Israeli AI company D-ID, which provided technology for projects like Deep Nostalgia, is launching a new platform where users can upload a single image and text to generate video. With this new site called Creative Reality Studio, the company is targeting sectors like corporate training and education, internal and external communication from companies, product marketing and sales.
The platform is pretty simple to use: Users can upload an image of a presenter or select one from the pre-created presenters to start the video creation process. Paid users can access premium presenters who are more “expressive” as they have better facial expressions and hand movements than the default ones. After that, users can either type the text from a script or simply upload an audio clip of someone’s speech. Users can then select a language (the platform supports 119 languages), voice and styles like cheerful, sad, excited and friendly.
The company’s AI-based algorithms will generate a video based on these parameters. Users can then distribute the video anywhere. The firm claims that the algorithm takes only half of the video duration time to generate a clip, but in our tests, it took a couple of minutes to generate a one-minute video. This could change depending on the type of presenter and language you selected.
“The COVID-19 pandemic has accelerated needs for digital content across the globe. A big problem for organizations is the creation of educational content. Reading documents and going through presentations could be dry and boring. Plus, they have to spend thousands of dollars to hire actors and create educational videos. So we are using our AI to create presenters and tutors to reenact humans and make the content more engaging and effective,” Gil Perry, D-ID’s CEO told TechCrunch in an interview.
Perry pointed out many use cases for this technology— ranging from a multilingual message from a CEO to employees to personalized wishes to an organization’s users.
D-ID launched the studio for testing in mid-August to iron out bugs before the public launch. And while its main focus is to cater to companies of all sizes, the company is seeing a lot of interest from creators on the platform.
The creation of offensive deepfake videos is a risk. That’s why the Israeli firm has put guardrails like filtration of swear words and racist remarks, as well as image recognition to avoid the usage of famous people’s faces. It uses the Microsoft Azure text moderation API to weed out sexual remarks and offensive language in video scripts. D-ID said the platform’s usage terms prohibit users from creating political videos. In case of a breach of any of these rules, the company can suspend the violator’s account and remove their video from the library.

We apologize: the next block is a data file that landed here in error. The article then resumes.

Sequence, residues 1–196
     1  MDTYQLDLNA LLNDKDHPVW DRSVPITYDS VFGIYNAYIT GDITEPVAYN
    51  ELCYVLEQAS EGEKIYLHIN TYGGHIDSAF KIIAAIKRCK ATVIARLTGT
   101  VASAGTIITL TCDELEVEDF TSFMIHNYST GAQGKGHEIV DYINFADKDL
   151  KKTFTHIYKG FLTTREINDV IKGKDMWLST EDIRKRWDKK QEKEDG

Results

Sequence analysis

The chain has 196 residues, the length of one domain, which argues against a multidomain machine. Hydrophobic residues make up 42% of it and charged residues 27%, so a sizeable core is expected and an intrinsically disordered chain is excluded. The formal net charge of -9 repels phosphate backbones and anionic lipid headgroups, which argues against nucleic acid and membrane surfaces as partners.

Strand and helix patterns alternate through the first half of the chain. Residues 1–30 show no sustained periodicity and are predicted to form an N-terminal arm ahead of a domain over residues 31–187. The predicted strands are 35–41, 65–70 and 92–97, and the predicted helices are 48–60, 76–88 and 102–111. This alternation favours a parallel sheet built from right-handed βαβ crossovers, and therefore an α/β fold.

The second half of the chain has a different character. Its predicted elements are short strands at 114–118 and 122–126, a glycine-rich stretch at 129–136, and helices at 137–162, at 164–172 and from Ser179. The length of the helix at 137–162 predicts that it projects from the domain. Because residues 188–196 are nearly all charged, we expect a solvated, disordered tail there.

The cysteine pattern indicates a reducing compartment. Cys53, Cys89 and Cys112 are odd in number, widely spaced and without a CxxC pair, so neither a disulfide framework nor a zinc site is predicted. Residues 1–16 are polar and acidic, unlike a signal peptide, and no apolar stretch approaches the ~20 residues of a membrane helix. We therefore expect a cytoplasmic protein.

D-ID raised $25 million in its Series B funding led by Macquarie Capital back in March — with a total of $47 million raised to date. Until now, the company had relied on others using its API to create content — Deep Nostalgia is a prime example of that — with clients like Modelez, Warner Bros., and India-based short video app Josh. Now, the company is expanding its money-making products by launching a PowerPoint plug-in along with this self-serve platform. The plug-in adds an interactive presenter to the deck, so users don’t just have to read out slides. They can choose between different avatars, voices, and languages — just like the self-serve platform. But there’s no provision to have a custom presenter at the moment.
At launch, users will be able to sign up for free for a 14-day trial account and create up to five minutes of AI-generated 720p video. After that, they can pay $49 a month to have access to 15 minutes of full HD AI-generated video, a PowerPoint plugin, and email support.
Users can also upload their own audio clips for voice cloning. Plus, the company is working on a tool to let users upload their own footage to train the AI to be more expressive so it can better imitate the person in the video. All these features will be limited to the company’s enterprise tier.
While the company faces competition from the likes of Rephrase.ai and Soul Machines in the AI-generated video area, it claims that there are hardly any companies that are claiming to generate high-quality videos from a single image.
Perry said that D-ID is not aiming to limit itself to corporate training, communication and marketing videos. It also has ambitions of facilitating real-time video call translation and clone presenters — that makes an avatar appear on video instead of you while you dictate the audio.
The company is also considering becoming a key player in web3/metaverse development. “Given that we have expertise in generating videos from a single image. We are thinking about ways to create digital avatars for the metaverse,” Perry said.